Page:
New Online Course Examines Laws Governing Colorado’s Use and Allocation of Water as Critical Natural Resource

Water touches nearly every aspect of life in semi-arid states like Colorado. Starting in August, the Division of Continuing Education at Colorado State University will offer an essential introduction to the laws and policies that govern the allocation and use of water in Colorado through a new online, non-credit course titled "Colorado Water Law for Non-Lawyers."

The course will be beneficial for people who interact with water law including educators, developers, governmental officials, realtors, farmers, business people, environmentalists, students, scientists, recreationists and homeowners.

Glenn Patterson, senior research associate in the Department of Civil and Environmental Engineering at Colorado State, will present the course from Aug. 25 through Dec. 12 in 12 modules, each covering an aspect of Colorado water law. All the modules, self-tests, readings, videos and discussions may be taken online at students’ own pace, offering the flexibility to fit into their existing schedules and location. Participants should expect to spend about three to five hours on each module and are encouraged to complete one module each week. Tuition is $489 and online registration is open through Aug. 25.

Patterson has taken the immense body of material on water policy and selected informative readings, lectures and speakers to convey the information needed to understand Colorado’s water laws. The evolving customs and uses of water in Colorado have served as the basis for the development of a unique body of law and policy that has influenced water law in many other Western states.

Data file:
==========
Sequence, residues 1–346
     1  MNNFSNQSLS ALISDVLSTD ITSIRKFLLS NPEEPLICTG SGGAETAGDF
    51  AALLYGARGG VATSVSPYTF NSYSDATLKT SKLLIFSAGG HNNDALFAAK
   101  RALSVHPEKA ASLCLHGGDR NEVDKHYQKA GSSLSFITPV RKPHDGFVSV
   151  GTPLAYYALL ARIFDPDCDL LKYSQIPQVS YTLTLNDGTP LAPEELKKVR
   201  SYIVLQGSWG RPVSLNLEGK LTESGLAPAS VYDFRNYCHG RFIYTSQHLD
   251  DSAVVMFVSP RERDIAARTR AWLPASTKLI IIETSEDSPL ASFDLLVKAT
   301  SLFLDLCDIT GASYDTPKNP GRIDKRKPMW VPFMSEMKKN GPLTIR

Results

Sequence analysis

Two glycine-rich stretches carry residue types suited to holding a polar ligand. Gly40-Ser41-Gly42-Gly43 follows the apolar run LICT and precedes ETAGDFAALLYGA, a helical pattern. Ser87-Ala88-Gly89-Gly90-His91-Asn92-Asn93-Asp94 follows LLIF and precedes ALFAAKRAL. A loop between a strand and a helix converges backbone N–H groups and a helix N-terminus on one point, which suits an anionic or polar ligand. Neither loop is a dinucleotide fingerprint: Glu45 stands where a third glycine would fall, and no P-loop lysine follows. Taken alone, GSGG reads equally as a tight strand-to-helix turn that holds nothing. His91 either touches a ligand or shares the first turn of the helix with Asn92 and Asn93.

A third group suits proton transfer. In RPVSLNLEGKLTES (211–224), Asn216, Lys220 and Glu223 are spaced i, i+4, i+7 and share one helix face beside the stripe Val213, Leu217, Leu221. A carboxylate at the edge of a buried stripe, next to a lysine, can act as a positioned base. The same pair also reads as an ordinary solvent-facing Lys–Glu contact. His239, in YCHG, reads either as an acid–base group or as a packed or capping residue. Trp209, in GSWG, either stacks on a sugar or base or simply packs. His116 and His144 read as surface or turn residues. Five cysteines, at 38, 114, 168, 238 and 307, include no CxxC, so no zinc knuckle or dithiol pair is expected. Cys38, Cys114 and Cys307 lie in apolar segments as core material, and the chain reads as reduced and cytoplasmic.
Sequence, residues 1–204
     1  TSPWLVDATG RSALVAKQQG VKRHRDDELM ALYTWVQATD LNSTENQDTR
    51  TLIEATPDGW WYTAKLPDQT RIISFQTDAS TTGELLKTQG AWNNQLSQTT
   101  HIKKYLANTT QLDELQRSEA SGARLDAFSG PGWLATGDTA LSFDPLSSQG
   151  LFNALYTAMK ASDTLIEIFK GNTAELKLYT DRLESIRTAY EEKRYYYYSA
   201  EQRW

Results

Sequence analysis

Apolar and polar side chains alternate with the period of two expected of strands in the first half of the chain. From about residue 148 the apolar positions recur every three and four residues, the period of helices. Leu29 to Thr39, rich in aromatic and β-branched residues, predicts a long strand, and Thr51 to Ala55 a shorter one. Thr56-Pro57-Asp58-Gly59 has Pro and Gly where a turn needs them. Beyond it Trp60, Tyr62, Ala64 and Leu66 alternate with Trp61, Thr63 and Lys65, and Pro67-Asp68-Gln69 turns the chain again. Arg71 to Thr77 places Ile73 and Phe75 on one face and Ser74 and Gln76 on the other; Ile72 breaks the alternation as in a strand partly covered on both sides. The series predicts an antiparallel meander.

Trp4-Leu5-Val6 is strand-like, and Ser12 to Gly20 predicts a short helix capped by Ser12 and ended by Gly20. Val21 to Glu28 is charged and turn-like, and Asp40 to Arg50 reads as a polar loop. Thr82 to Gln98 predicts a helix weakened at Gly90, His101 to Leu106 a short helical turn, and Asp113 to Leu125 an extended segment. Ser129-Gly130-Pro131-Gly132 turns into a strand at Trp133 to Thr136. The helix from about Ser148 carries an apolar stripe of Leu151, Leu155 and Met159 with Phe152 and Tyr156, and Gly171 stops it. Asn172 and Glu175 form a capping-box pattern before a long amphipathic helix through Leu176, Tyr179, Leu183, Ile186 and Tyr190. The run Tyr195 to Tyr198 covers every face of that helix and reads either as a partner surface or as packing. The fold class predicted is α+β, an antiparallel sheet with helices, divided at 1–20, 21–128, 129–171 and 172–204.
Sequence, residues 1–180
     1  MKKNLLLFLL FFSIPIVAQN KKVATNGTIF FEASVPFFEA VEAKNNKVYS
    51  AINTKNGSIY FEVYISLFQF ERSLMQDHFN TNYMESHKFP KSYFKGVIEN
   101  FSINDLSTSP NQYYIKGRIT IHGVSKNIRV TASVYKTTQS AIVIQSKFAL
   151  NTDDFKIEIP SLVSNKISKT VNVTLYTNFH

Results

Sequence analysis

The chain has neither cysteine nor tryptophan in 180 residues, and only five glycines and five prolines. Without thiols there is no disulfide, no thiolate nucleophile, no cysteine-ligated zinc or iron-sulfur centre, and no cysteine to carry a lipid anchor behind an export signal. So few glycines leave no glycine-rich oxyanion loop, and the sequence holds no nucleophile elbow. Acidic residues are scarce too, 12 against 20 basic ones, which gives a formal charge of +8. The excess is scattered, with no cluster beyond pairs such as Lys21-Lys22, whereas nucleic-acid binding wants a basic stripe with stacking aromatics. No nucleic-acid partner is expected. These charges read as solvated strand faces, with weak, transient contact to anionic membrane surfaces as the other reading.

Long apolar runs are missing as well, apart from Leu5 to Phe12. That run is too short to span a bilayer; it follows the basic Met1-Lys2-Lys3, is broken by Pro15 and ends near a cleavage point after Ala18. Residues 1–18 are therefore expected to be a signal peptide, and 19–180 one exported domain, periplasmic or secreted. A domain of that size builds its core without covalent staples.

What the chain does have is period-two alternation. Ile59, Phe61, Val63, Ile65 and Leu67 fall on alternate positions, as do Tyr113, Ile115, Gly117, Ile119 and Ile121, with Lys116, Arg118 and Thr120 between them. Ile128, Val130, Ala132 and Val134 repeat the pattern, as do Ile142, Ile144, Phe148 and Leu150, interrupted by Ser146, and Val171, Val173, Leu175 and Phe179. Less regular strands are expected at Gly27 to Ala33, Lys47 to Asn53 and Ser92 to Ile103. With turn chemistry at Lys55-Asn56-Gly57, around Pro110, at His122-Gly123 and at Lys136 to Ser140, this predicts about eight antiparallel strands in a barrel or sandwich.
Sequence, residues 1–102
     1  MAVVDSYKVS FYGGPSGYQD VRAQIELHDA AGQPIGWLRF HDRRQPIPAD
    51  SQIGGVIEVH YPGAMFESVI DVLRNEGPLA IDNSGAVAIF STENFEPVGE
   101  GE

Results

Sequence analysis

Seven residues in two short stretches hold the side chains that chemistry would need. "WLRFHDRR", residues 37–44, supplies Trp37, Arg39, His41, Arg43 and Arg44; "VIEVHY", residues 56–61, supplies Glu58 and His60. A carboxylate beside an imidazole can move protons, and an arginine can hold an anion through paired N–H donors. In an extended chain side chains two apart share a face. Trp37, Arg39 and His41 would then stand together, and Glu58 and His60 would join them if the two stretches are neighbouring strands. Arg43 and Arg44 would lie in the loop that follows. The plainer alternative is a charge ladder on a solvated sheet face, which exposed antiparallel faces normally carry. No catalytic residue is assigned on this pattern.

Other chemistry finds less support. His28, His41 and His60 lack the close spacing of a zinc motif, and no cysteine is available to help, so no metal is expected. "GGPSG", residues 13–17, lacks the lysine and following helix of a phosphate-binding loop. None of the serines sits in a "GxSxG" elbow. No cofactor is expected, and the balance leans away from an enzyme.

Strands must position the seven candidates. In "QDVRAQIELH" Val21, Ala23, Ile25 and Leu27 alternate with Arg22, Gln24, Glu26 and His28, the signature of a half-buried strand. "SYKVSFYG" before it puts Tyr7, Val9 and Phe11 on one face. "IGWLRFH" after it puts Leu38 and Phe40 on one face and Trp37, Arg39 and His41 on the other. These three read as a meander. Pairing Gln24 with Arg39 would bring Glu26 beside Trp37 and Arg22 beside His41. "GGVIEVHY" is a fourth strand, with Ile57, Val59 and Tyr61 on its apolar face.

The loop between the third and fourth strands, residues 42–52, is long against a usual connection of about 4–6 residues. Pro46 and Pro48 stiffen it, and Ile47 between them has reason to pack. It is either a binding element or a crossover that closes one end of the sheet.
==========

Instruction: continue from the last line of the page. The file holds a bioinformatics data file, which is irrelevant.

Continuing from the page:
"The development of Colorado’s water laws reflects the changing values and interests of its citizens regarding one of its most precious natural resources," Patterson said. "This course traces that evolution, emphasizing what regular citizens, including homeowners, farmers, ranchers, developers, conservationists, educators, realtors, recreationists, planners and local government staff, need to know about how water law touches their lives."

Patterson, who has a Master of Science in Watershed Management from the University of Arizona, retired in 2007 from a 30-year career as a hydrologist with the U.S. Geological Survey. He currently advises the National Park Service on USGS water activities and serves as a board member for the St. Vrain and Left Hand Water Conservancy District.

The Division of Continuing Education at Colorado State University develops and delivers quality programs and educational opportunities in support of the university’s land grant mission with degrees; online, credit and noncredit courses; certificate programs; and custom training for businesses and

industry throughout Northern Colorado, in Denver, at business sites and via distance education using a variety of delivery methods.

For more information, visit or call Frances Betts at (877) 491-4336.